Aggregating the symptoms into themes, the researchers found that several broad categories of health concerns stuck out: Queries about headaches were 41 percent higher than expected; for hernia, 37 percent; for chest pain, 35 percent; and for arrhythmia, 32 percent. Back pain, gastric pain, joint pain, and toothache also popped up with greater-than-expected frequency among the search terms.
"The Great Recession undoubtedly got inside the body via the mind, namely through stress," Ayers said. "For example, the experiences of the unemployed may be stressful, but also those not directly affected by unemployment may become fearful of losing their jobs."
Benjamin Althouse, an epidemiologist and Omidyar Fellow with the Santa Fe Institute and one of the study's coauthors, said that by monitoring health-related search terms, public health officials could recognize burgeoning epidemics such as stress-related chest pain and direct resources to help people reduce their stress or take other precautionary measures. This technique is quicker, cheaper, and more efficient than traditional survey methodology, he added.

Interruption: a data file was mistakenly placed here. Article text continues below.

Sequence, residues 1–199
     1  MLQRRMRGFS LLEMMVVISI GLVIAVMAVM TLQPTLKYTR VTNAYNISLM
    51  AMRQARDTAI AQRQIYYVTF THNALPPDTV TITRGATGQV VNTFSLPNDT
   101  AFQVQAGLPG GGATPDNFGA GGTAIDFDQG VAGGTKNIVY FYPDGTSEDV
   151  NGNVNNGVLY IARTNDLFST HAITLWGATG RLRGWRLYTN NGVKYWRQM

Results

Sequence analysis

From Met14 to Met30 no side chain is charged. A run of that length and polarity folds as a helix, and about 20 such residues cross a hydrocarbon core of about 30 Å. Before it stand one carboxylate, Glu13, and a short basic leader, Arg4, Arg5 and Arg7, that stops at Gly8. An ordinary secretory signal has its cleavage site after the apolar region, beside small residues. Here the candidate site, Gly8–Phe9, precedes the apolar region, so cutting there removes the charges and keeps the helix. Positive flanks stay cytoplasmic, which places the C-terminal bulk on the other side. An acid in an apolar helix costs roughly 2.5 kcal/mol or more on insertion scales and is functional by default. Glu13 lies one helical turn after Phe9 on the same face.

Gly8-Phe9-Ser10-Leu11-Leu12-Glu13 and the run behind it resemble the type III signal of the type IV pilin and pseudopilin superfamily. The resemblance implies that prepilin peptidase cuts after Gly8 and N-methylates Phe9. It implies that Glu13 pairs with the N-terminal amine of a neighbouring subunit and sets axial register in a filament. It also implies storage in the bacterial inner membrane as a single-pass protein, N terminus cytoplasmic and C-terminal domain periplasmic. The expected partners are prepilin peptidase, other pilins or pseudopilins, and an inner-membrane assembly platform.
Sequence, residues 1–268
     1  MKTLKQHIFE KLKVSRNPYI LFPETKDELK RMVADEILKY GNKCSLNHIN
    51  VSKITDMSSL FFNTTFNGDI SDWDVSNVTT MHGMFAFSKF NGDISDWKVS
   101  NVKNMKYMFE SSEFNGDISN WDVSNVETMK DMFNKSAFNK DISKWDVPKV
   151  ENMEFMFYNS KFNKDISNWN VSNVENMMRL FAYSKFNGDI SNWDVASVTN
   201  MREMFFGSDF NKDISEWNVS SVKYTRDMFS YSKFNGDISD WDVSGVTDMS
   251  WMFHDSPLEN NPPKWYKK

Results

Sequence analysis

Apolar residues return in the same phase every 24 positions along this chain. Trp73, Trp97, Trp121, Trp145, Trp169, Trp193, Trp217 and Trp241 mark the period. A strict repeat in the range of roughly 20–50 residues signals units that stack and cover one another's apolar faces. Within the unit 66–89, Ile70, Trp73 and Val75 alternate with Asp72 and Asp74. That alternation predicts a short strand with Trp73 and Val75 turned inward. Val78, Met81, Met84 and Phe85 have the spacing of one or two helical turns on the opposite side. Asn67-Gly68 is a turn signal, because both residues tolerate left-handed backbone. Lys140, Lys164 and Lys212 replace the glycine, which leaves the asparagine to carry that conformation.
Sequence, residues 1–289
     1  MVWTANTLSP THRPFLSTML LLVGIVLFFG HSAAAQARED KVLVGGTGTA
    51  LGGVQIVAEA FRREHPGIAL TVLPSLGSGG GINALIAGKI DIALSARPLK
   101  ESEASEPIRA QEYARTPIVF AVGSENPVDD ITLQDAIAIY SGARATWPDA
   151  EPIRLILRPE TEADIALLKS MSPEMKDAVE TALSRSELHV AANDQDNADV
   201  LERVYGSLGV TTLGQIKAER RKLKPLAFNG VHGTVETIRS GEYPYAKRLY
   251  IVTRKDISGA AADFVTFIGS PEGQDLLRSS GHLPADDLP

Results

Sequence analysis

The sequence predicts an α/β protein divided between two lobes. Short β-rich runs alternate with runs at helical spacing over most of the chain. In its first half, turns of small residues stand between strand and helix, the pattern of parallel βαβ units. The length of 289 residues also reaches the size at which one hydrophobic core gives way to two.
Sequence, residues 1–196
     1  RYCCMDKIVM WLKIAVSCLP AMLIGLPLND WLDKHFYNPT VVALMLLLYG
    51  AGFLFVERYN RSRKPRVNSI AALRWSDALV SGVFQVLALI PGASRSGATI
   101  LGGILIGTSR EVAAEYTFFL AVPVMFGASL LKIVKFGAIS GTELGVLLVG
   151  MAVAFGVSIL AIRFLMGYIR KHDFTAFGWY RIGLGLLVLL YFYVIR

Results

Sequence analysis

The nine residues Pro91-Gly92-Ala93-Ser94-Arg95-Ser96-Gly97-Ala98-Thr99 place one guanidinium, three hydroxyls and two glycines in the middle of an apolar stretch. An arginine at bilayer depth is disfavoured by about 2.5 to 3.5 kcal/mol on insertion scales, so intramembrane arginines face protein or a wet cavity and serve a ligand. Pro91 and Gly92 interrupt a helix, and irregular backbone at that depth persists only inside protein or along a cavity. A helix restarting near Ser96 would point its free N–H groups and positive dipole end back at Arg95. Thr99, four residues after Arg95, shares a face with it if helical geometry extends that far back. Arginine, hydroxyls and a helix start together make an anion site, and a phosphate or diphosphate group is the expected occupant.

"The status quo approaches to public health surveillance are both contrived and expensive," Althouse said. "Internet search queries may be a significantly more precise metric, suggesting precisely when and how the population's health is changing."
Ayers added that search engines like Google could even interpret these searches and suggest links to Internet-based treatment options.
"The web is a stigma-reducing and cost-reducing venue to reach patients who search for, but do not otherwise receive, treatment because they cannot afford medications or copayments," Aye
|Contact: Beth Chee|
San Diego State University